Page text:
We need spending cuts – not political gimmicks

Pledges by the main political parties to control prices and spur the housing market may be popular, says Matthew Lynn - but they won't help the economy.

Free school meals. Price controls on energy companies. More money thrown at the housing market. Freezes on fuel duty. So far, the party conference season has been three energetic weeks of political gimmicks.

So many pledges have been unveiled that it would be hard for even the most dedicated political wonk to keep track of them all and to work out what they might cost.

The trouble is, none of them will help the economy, and many will do it harm. There are still 20 months to go before the general election in May 2015. With the economy still weak by historical standards, it is hard to know if the fragile recovery in business confidence can survive this blizzard of gimmicks.

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When the coalition came to power three years ago, it committed itself to sober, restrained government, to the task of tackling public finances and bringing the deficit down. The opposition Labour Party, even while calling for a Plan B' with less austerity, was wary of promising to spend more.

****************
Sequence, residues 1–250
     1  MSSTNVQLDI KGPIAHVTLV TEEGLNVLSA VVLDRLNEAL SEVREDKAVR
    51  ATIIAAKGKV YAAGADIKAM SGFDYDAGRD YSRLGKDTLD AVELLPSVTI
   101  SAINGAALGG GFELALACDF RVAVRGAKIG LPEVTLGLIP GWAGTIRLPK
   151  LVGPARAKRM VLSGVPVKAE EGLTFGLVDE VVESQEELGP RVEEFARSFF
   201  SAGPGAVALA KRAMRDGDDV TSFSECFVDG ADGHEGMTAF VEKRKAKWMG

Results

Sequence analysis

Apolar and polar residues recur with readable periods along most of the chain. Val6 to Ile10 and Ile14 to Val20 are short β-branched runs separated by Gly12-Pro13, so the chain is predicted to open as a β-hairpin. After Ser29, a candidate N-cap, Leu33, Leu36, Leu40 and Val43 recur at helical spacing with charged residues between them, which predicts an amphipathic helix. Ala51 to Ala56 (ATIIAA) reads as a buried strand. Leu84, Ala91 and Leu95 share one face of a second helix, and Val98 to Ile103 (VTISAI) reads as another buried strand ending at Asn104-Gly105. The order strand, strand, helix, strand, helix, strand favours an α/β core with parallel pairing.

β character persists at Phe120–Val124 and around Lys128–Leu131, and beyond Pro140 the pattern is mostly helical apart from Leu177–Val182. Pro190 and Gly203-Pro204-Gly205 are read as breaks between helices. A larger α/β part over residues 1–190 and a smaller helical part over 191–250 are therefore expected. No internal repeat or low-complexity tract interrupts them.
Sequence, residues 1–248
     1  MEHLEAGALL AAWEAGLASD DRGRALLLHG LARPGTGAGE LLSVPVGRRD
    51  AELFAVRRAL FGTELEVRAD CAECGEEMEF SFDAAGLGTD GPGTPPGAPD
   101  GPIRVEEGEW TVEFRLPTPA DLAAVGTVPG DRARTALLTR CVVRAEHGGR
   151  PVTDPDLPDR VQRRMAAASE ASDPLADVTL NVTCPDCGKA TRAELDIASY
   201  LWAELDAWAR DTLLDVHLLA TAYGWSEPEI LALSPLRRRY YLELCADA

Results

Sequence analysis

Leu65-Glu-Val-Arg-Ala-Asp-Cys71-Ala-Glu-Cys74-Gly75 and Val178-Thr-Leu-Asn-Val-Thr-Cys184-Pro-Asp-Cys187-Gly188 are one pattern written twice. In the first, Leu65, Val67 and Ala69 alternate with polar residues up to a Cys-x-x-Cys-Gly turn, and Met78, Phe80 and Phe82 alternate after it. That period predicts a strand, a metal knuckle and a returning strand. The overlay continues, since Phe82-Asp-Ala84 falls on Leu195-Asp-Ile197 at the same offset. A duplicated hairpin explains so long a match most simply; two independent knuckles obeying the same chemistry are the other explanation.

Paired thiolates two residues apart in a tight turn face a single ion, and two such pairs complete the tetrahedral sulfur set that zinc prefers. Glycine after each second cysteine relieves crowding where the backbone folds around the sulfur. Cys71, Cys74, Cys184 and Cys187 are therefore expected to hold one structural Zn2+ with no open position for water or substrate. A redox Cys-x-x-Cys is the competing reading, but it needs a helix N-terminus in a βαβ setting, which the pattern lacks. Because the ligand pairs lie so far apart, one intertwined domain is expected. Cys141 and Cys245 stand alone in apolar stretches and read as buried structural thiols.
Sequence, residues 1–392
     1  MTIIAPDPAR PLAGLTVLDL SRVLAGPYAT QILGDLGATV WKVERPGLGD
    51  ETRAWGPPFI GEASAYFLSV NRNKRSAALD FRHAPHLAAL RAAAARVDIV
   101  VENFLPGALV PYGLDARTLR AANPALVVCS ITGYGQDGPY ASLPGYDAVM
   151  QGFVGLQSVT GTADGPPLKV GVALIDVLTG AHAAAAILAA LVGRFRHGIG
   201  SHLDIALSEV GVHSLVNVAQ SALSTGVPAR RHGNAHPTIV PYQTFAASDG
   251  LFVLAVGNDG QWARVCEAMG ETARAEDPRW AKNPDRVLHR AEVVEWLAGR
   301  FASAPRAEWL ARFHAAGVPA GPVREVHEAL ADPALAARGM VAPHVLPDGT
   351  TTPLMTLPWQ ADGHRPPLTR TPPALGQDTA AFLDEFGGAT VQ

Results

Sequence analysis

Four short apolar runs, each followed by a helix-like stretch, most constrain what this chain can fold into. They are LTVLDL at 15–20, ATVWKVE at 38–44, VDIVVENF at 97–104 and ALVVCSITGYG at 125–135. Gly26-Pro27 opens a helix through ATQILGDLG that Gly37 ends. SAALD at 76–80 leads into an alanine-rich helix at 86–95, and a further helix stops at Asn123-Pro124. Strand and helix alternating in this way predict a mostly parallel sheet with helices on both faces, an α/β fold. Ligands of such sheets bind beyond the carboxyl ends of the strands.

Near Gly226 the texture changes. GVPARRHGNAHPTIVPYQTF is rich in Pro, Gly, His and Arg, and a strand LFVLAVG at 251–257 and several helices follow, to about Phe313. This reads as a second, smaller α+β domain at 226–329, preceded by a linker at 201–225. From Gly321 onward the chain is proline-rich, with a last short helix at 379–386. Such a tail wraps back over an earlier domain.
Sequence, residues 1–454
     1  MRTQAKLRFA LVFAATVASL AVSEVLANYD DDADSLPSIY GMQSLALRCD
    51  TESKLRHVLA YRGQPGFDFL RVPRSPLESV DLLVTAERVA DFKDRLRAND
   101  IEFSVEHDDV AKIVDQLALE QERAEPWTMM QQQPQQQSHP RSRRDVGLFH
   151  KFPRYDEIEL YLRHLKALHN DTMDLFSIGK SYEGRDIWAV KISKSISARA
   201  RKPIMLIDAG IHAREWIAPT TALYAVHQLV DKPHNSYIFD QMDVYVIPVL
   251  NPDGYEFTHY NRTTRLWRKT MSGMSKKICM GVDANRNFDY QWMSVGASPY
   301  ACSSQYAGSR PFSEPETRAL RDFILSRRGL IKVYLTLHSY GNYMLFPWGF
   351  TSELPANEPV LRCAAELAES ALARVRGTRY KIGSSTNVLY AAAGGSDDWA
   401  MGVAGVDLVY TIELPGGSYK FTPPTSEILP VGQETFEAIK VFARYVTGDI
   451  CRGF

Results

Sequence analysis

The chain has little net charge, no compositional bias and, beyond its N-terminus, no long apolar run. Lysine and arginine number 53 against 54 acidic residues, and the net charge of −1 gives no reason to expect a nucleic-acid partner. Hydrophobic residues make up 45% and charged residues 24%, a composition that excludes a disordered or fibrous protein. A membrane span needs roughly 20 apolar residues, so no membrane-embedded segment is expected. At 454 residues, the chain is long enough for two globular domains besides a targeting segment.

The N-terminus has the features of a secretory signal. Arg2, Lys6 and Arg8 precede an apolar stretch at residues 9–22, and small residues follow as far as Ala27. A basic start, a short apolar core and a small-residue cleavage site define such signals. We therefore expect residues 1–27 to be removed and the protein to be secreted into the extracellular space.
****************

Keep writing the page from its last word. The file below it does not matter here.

But now, like a dieter who decides their waistline is getting back in shape, and starts stocking up on cakes to celebrate, the restrictions have been lifted. Politicans are promising to spend money like it is 2005 all over again.

First, the Liberal Democrats came up with a plan for free school meals at a cost of a mere £600m. Never mind that low-income families already get their children's meals for nothing, the Lib Dems think we should postpone cutting the deficit, and shelve tax cuts, so that parents who can afford to pay for their children's meals anyway get them for nothing as well.

And they threw in a tax on plastic bags at the till because, hey, those small high-street retailers have life too easy right now.